Corpus bones*, I loved this book.
My friend Laura recommended it to me years ago, and, as usual, I bought it right away but just never got around to reading it.
It is so good, I am thoroughly ashamed of myself.
Written in the form of a diary, this book is set in late-13th century England and details the daily trials and tribulations (and occasional joys) of Birdy, the fourteen-year-old daughter of an uncouth but somewhat powerful minor noble of the time. Whether discussing the parasites that plague her, the maidenly occupations that annoy her, or the forthcoming marriage that disgusts her, she is a feisty, hopeful yet strangely pragmatic soul, who rails against her inevitable fate but is aware that she has little say in the course her life will take.
The book does not shy away from some of the less pleasant aspects of Medieval life, nor does it romanticize the period. it is funny, it is immersive, it is upsetting and thought-provoking. One of my favourite parts of the book is how Birdy often denotes her days often by the feast days of saints (England was solidly Catholic at this time), and gives a rather acerbic commentary on the reason for their sainthood. She’s a free-thinker in a time when such was discouraged, especially in the “gentler sex,” and she makes one wonder exactly how many of the girls and women who have disappeared from history — history — might have been just as charming, intelligent and resilient as Catherine, called Birdy.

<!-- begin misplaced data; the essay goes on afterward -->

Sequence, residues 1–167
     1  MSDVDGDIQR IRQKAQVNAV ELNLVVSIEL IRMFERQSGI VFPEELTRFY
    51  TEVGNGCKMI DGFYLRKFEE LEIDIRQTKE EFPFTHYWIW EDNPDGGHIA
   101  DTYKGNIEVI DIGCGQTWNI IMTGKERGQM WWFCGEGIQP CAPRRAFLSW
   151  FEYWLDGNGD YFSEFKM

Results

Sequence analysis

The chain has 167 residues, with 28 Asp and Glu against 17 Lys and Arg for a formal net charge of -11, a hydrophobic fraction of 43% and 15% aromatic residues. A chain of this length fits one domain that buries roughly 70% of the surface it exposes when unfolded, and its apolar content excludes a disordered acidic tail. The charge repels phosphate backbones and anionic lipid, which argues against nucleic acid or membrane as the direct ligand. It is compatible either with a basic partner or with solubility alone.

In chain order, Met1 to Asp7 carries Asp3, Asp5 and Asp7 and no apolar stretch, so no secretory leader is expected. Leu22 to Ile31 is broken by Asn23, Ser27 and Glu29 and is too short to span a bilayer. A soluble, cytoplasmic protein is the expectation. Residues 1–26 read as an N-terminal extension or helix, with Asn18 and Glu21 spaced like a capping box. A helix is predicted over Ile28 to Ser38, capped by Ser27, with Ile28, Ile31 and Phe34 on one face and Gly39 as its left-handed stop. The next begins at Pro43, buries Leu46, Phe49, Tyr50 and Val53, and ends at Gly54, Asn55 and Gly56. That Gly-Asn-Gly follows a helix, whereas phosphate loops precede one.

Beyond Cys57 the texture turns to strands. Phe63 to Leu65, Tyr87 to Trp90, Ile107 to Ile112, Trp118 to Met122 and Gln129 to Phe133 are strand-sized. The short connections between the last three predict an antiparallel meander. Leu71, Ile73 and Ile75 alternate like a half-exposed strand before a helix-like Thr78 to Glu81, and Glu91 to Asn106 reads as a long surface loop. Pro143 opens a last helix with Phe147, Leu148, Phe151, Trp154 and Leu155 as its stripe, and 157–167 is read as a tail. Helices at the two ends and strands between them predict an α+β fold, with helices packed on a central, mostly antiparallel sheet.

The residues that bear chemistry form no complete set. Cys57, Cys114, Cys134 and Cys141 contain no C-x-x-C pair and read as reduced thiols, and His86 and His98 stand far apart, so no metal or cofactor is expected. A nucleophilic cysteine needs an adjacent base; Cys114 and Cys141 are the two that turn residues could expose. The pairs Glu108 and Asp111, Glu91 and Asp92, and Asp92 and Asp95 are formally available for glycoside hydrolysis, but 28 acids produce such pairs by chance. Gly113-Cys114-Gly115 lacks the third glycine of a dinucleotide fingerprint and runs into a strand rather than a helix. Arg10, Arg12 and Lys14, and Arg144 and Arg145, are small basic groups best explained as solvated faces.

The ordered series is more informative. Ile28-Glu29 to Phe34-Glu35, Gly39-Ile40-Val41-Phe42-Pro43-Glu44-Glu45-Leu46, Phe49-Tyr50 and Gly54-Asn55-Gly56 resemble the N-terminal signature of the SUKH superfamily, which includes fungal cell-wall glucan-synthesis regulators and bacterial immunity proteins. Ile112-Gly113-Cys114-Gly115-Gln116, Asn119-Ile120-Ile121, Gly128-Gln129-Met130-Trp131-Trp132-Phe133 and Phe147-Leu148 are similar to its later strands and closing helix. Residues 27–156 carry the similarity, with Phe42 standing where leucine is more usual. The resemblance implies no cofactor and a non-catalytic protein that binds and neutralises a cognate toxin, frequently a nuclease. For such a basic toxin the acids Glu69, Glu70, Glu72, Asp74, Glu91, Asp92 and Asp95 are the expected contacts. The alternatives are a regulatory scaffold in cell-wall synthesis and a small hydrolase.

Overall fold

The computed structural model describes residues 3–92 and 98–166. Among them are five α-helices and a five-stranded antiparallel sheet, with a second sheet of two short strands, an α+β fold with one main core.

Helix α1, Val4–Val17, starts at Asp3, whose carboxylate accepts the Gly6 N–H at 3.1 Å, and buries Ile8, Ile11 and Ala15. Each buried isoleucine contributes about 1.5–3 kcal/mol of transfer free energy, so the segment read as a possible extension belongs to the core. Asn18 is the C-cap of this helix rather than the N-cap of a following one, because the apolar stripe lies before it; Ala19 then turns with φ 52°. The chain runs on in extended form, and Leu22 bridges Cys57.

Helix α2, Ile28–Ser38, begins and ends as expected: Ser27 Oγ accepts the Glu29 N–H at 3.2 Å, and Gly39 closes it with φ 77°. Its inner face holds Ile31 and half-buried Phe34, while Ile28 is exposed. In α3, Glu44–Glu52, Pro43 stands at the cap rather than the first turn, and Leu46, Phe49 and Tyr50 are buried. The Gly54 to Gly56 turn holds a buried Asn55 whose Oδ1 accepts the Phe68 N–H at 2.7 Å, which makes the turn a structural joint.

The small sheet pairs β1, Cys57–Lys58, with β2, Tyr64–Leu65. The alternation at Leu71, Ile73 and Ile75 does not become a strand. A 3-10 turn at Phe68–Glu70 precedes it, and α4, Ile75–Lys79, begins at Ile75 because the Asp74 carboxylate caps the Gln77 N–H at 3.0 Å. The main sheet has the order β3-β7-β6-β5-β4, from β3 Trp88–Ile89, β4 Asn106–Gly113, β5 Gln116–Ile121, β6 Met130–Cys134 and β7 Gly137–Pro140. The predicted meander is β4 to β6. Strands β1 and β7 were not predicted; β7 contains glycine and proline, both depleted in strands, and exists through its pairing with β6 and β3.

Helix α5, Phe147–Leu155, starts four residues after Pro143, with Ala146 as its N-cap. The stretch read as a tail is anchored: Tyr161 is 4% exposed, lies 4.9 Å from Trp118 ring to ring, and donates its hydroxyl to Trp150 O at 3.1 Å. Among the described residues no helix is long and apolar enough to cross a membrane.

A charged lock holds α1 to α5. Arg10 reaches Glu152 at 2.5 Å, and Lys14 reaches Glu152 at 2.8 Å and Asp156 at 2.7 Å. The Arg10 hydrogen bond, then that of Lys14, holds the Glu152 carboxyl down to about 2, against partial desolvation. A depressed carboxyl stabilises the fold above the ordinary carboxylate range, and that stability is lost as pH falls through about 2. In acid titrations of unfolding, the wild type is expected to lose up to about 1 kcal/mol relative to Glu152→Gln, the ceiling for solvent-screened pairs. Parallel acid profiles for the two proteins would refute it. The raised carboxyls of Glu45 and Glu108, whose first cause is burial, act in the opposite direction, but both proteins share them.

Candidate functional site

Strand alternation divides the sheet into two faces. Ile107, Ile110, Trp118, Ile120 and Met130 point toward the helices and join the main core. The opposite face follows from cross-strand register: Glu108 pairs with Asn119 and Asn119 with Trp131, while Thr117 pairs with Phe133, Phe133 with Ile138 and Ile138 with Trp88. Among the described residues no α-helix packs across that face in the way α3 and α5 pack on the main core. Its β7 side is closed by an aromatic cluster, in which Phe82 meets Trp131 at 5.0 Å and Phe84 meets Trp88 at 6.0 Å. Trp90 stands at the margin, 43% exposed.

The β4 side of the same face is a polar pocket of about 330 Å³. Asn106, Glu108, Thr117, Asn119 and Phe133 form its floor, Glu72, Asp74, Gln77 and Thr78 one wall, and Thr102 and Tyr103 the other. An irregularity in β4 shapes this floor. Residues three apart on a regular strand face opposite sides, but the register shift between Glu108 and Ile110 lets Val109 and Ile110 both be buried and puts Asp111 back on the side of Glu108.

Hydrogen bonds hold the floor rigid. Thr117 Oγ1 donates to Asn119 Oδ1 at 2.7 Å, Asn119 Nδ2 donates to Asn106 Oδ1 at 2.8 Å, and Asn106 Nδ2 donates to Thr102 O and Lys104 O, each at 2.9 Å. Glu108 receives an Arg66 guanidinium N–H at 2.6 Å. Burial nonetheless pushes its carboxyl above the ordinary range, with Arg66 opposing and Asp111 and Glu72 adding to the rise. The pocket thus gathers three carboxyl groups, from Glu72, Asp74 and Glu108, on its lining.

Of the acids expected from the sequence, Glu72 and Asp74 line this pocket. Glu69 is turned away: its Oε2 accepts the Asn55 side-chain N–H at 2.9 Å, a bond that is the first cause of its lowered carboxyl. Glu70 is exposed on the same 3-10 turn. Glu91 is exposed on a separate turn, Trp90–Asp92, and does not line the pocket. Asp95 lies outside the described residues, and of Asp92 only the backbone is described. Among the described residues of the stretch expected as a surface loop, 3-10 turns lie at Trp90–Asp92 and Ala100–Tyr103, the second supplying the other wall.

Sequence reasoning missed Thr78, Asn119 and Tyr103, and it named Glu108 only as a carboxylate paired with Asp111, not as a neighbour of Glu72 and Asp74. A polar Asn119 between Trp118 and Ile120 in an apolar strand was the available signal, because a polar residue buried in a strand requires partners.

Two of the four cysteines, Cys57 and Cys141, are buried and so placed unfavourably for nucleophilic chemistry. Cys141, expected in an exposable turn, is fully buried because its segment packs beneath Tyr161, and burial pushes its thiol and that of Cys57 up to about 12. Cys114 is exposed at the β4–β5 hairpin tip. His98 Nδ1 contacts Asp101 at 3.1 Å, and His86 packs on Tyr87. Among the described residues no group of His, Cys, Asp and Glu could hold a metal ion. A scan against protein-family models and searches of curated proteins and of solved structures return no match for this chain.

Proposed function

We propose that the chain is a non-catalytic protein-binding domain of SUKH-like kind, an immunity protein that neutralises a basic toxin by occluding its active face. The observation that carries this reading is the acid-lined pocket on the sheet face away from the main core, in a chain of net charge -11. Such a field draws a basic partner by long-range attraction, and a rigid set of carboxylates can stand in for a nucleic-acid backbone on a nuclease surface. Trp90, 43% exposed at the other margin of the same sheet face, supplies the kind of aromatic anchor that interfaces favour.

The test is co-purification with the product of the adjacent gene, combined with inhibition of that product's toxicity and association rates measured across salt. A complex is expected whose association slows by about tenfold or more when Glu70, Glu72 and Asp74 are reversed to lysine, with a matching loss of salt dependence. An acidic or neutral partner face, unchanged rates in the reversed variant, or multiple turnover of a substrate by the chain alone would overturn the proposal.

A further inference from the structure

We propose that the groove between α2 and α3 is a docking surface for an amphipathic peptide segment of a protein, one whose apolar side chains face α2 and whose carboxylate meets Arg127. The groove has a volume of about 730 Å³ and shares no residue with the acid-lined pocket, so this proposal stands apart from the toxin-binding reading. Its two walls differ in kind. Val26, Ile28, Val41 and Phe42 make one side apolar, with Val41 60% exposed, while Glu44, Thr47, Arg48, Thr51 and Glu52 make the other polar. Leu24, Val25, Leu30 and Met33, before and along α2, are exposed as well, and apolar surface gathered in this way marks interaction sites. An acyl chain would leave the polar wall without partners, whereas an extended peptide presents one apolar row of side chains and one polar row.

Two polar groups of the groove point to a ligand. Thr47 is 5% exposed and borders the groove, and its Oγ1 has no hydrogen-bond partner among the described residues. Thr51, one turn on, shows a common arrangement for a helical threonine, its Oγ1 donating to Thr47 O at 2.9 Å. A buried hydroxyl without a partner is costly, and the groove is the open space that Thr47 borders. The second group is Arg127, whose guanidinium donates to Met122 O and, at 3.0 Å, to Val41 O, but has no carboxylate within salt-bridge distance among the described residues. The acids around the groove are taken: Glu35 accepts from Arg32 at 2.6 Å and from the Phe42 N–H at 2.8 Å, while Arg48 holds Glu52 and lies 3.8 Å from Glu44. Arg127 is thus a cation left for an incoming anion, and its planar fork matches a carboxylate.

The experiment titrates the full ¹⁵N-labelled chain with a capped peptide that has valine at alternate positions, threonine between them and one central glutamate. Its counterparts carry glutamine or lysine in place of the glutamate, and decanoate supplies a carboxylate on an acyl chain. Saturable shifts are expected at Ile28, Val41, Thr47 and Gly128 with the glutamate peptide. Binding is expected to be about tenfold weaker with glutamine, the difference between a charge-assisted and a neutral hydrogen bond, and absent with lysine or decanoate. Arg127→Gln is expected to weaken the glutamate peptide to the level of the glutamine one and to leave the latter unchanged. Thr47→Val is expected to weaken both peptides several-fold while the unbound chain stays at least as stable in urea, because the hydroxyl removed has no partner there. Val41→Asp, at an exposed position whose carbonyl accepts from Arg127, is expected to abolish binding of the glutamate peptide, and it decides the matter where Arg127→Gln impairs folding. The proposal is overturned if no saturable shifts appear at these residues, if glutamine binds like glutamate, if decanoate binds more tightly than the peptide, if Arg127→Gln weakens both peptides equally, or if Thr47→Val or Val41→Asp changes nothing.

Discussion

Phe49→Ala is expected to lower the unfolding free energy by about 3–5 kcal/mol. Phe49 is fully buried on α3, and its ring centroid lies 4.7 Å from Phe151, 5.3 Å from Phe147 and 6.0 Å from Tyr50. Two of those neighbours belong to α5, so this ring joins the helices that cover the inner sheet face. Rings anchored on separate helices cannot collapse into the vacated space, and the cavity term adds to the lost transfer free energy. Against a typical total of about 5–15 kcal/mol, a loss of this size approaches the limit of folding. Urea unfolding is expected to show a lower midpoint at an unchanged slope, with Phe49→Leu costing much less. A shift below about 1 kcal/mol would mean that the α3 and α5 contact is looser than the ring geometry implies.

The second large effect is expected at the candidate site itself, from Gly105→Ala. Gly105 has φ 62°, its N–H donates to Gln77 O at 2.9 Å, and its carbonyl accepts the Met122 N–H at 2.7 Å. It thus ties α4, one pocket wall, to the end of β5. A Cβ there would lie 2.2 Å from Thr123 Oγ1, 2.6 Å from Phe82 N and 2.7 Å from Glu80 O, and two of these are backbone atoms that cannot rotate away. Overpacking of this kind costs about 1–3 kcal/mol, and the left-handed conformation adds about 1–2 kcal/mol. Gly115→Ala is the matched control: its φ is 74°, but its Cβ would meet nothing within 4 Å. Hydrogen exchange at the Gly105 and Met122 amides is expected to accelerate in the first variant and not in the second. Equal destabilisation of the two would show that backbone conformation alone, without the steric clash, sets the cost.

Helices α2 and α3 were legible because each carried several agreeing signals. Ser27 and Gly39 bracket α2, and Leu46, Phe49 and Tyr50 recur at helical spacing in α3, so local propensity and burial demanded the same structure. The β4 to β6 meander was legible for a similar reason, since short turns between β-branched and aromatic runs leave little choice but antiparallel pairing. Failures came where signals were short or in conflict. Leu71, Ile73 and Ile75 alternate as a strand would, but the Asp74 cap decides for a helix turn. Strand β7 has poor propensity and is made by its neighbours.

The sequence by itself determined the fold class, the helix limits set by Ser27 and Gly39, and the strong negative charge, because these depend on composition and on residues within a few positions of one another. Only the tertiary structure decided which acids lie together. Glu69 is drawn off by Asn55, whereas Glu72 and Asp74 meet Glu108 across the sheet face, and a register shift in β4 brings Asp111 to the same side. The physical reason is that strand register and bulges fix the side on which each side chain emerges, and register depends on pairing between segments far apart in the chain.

It was a pleasure to meet her. And I very much hope she ended up with her happily ever after.
* “Corpus bones” is a favourite exclamation of Birdy’s, which I am assuming Cushman gleaned from Chaucer. I very much appreciate this kind of period-specific detail. I was less enamoured of all the fleas, which I know is era-appropriate, but ew.
TBR DAY 280: Catherine, Called Birdy by Karen Cushman
GENRE: YA, Historical Fiction
TIME ON THE TBR: 5 years.
PURCHASED FROM: Amazon.